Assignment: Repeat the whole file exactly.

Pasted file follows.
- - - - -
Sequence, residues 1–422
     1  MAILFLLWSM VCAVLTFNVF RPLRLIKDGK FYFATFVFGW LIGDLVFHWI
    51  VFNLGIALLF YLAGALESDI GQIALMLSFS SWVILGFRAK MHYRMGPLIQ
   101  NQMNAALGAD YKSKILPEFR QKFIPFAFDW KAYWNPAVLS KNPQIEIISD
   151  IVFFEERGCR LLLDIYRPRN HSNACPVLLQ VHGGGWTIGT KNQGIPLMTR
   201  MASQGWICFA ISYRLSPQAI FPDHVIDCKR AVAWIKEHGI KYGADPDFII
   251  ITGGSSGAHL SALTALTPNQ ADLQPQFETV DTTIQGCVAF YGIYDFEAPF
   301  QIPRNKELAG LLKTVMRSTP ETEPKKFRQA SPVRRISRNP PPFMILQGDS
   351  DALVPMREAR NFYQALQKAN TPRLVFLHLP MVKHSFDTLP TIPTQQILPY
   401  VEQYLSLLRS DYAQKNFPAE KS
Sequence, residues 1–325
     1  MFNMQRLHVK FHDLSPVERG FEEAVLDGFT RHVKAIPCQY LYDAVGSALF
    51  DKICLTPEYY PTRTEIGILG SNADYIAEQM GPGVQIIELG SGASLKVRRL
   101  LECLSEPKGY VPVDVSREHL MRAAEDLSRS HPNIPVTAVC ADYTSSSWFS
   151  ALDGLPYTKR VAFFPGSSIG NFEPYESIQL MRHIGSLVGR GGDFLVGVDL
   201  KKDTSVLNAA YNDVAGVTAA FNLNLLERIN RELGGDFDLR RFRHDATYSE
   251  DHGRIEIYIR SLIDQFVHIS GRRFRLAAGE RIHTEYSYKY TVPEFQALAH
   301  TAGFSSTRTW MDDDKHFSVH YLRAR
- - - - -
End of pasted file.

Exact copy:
Sequence, residues 1–422
     1  MAILFLLWSM VCAVLTFNVF RPLRLIKDGK FYFATFVFGW LIGDLVFHWI
    51  VFNLGIALLF YLAGALESDI GQIALMLSFS SWVILGFRAK MHYRMGPLIQ
   101  NQMNAALGAD YKSKILPEFR QKFIPFAFDW KAYWNPAVLS KNPQIEIISD
   151  IVFFEERGCR LLLDIYRPRN HSNACPVLLQ VHGGGWTIGT KNQGIPLMTR
   201  MASQGWICFA ISYRLSPQAI FPDHVIDCKR AVAWIKEHGI KYGADPDFII
   251  ITGGSSGAHL SALTALTPNQ ADLQPQFETV DTTIQGCVAF YGIYDFEAPF
   301  QIPRNKELAG LLKTVMRSTP ETEPKKFRQA SPVRRISRNP PPFMILQGDS
   351  DALVPMREAR NFYQALQKAN TPRLVFLHLP MVKHSFDTLP TIPTQQILPY
   401  VEQYLSLLRS DYAQKNFPAE KS
Sequence, residues 1–325
     1  MFNMQRLHVK FHDLSPVERG FEEAVLDGFT RHVKAIPCQY LYDAVGSALF
    51  DKICLTPEYY PTRTEIGILG SNADYIAEQM GPGVQIIELG SGASLKVRRL
   101  LECLSEPKGY VPVDVSREHL MRAAEDLSRS HPNIPVTAVC ADYTSSSWFS
   151  ALDGLPYTKR VAFFPGSSIG NFEPYESIQL MRHIGSLVGR GGDFLVGVDL
   201  KKDTSVLNAA YNDVAGVTAA FNLNLLERIN RELGGDFDLR RFRHDATYSE
   251  DHGRIEIYIR SLIDQFVHIS GRRFRLAAGE RIHTEYSYKY TVPEFQALAH
   301  TAGFSSTRTW MDDDKHFSVH YLRAR